Two Step Drop

Starting as if you have already received the snap (with your kicking foot on a line and ball on your drop table) go through your normal progression with out swinging your leg through. It is simply two steps and drop. This drill’s focus:

1.       Eliminate over striding and crossing over your steps.

2.       Drop consistency.

3.       Develop muscle memory.

Start with your kicking foot on a line to ensure your drop stays over your kicking leg and to identify if your plant foot is crossing over in front of your kicking leg. Focus on making this drill look the same every time. This drill is designed to help identify and fix bad habits if done correctly and repeated often it will develop proper muscle memory.

Two Step Explosion Drill w/ out the ball

A derivative of the two-step drop drill, starting from the same position only this time you don’t have the ball. Simulate your normal punting progression and swing your leg as if you are punting the ball. This drill’s focus is:

1.       Exploding off your plant leg

2.       Develop body control

3.       Warm up your leg.

Start out at about half speed and work your way up to game speed with your punting progression. You are essentially doing mental reps, but it is an explosion drill! Concentrate on keeping your hip and shoulders square to your target as you explode up and through the ball.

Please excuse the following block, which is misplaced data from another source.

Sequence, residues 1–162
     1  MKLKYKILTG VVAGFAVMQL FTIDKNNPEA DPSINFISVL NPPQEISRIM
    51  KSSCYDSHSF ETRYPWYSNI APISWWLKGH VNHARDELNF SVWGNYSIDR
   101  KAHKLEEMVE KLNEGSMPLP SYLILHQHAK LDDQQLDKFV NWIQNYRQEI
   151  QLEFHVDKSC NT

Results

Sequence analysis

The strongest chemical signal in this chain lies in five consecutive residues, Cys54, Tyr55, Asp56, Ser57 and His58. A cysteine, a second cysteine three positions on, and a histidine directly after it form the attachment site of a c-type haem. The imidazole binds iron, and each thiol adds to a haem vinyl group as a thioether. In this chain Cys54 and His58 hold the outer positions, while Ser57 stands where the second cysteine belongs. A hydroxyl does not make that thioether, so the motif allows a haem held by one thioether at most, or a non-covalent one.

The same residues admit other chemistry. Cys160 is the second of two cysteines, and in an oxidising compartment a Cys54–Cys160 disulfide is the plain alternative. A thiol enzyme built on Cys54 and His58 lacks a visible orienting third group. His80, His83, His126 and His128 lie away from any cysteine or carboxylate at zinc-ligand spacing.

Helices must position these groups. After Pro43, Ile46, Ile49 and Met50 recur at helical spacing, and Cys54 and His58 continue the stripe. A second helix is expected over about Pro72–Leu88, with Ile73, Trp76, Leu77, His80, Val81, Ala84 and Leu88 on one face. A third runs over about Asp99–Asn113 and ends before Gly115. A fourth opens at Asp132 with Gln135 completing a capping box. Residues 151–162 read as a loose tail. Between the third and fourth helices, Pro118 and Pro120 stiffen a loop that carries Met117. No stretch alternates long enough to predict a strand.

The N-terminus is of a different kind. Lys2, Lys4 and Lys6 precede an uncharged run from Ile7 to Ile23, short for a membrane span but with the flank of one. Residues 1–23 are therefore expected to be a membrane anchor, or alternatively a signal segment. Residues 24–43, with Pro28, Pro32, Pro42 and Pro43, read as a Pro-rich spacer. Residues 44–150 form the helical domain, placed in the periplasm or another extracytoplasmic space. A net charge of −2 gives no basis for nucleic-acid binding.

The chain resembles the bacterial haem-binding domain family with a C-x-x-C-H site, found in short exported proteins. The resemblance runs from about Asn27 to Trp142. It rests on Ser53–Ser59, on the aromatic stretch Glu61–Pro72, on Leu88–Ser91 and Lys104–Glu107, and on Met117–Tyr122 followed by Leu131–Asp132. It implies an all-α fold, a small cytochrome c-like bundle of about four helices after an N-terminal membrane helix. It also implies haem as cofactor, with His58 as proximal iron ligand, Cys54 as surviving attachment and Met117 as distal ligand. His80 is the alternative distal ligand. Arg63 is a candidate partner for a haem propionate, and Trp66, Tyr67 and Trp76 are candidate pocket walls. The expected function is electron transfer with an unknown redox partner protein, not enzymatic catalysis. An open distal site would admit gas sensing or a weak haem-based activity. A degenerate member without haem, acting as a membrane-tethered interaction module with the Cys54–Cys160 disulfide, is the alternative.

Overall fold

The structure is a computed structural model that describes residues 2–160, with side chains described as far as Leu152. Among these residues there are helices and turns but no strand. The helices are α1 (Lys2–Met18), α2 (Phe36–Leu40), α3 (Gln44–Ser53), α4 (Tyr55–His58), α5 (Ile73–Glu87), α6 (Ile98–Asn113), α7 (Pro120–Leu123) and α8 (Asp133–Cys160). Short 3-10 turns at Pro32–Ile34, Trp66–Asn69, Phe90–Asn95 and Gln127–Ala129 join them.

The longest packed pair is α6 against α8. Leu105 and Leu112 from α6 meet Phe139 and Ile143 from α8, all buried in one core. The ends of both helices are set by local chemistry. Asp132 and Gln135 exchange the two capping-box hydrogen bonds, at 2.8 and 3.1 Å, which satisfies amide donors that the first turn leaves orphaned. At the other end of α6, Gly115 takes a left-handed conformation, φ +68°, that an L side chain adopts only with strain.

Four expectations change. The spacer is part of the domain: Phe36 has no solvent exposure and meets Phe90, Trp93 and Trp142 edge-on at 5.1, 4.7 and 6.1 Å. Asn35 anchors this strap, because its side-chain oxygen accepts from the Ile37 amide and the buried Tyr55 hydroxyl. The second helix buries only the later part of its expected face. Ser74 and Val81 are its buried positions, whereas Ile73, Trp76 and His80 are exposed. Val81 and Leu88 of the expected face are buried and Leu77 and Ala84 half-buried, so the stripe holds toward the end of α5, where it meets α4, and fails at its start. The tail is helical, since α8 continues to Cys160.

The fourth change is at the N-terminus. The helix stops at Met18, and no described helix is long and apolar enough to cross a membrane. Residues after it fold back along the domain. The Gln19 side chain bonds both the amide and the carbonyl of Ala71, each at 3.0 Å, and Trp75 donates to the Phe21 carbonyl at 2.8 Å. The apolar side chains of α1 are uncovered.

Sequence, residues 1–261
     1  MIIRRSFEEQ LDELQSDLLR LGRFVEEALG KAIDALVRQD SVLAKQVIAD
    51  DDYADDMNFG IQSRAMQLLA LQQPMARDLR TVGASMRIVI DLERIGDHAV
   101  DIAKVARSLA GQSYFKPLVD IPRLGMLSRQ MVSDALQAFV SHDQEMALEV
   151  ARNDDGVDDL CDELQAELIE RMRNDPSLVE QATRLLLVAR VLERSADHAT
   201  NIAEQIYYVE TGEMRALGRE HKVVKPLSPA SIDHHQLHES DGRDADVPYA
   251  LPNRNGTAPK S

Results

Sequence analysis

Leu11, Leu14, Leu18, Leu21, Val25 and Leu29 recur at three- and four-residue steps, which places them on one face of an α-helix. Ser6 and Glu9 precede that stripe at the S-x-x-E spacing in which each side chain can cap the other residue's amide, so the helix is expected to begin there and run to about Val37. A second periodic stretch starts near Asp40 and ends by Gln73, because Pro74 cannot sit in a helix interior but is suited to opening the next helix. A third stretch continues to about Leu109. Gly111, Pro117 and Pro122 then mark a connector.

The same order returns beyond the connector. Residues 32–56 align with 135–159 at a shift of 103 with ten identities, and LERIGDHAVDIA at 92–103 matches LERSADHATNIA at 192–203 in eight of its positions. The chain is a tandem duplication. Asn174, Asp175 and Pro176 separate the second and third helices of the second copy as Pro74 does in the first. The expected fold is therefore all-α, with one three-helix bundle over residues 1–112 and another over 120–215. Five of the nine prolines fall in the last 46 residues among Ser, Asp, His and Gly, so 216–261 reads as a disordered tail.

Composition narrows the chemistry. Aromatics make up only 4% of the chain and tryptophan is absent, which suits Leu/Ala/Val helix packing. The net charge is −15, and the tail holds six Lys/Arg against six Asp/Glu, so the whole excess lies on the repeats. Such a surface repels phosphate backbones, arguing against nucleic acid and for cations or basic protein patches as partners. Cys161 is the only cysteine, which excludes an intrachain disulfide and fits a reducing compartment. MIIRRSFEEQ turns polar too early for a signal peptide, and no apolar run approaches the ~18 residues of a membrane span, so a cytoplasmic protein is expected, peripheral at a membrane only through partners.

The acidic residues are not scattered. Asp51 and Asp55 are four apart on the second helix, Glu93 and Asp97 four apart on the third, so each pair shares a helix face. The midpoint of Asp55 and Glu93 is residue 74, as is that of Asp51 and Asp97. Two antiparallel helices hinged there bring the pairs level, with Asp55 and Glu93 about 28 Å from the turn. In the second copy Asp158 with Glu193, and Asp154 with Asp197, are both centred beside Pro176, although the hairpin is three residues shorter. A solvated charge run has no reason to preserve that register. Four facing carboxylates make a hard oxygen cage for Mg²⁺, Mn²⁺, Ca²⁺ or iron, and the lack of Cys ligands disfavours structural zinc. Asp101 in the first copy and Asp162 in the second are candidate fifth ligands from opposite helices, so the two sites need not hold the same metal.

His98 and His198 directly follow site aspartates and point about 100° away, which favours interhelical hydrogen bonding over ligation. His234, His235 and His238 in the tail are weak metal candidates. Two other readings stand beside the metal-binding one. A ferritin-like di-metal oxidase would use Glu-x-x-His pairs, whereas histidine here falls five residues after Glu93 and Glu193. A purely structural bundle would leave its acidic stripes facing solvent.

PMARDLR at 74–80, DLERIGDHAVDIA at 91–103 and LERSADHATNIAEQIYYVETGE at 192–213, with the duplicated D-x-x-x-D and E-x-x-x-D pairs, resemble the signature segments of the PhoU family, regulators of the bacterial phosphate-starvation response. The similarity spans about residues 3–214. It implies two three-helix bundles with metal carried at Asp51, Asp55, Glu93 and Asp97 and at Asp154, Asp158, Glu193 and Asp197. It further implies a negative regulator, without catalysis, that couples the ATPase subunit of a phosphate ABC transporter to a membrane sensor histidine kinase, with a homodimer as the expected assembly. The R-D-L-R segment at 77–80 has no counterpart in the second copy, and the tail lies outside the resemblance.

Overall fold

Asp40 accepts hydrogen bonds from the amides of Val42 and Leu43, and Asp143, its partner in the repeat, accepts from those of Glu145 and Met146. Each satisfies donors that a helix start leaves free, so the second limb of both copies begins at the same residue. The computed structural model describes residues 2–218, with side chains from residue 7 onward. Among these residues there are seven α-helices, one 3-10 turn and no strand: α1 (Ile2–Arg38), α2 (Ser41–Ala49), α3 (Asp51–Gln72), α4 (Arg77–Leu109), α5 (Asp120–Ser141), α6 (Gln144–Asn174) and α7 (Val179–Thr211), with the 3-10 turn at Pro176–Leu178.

One Step Punting

Begin in the same position as if you are going to do the one step drop drill but now you will be punting the ball. This drill’s focus is:

1.       The drop

2.       Not crossing over with the plant step

3.       Driving off the plant foot and getting your hips up and through your target line at a 45-degree angle

4.       Leg swing.

Most punters do not utilize their entire body when punting, this drill will help them utilize their entire body increasing hang time and distance. Subsequently this is not an easy drill for most punter for just this reason.  Make sure the punter focuses making good contact and turning his punts over, not trying to kill the ball. This is a technique drill and should be used to warm up the punter’s leg.

Full Punts down a Line

This drill’s focus is:

1.       Proper steps

2.       Drop placement

3.       Leg swing

4.       Utilizing your hips

5.       Body control.

The object is to be able to punt the ball and have it land on the same line as your kicking leg. Body control is essential to becoming a consistent punter. Punting down a line will help identify if you are crossing over your steps, not swinging straight up and through the ball, and if your hips and shoulders are not finishing in line with your target.

Directional PuntingDirectional punting allows your coverage team to cover specific areas of the field and limits a dangerous return man’s ability by using the sideline as an extra defender. The ideal directional punt is placed between the numbers and the sideline with good distance and hang time.  Utilize landmarks in a stadium to pick your target line. Don’t set yourself up too wide or you will be walking out side of your protection and give the outside rusher a shorter path to block your punt. The sideline referee always stands 50 yards from the line of scrimmage and will provide a consistent target for you pick out every time you line up to directional punt.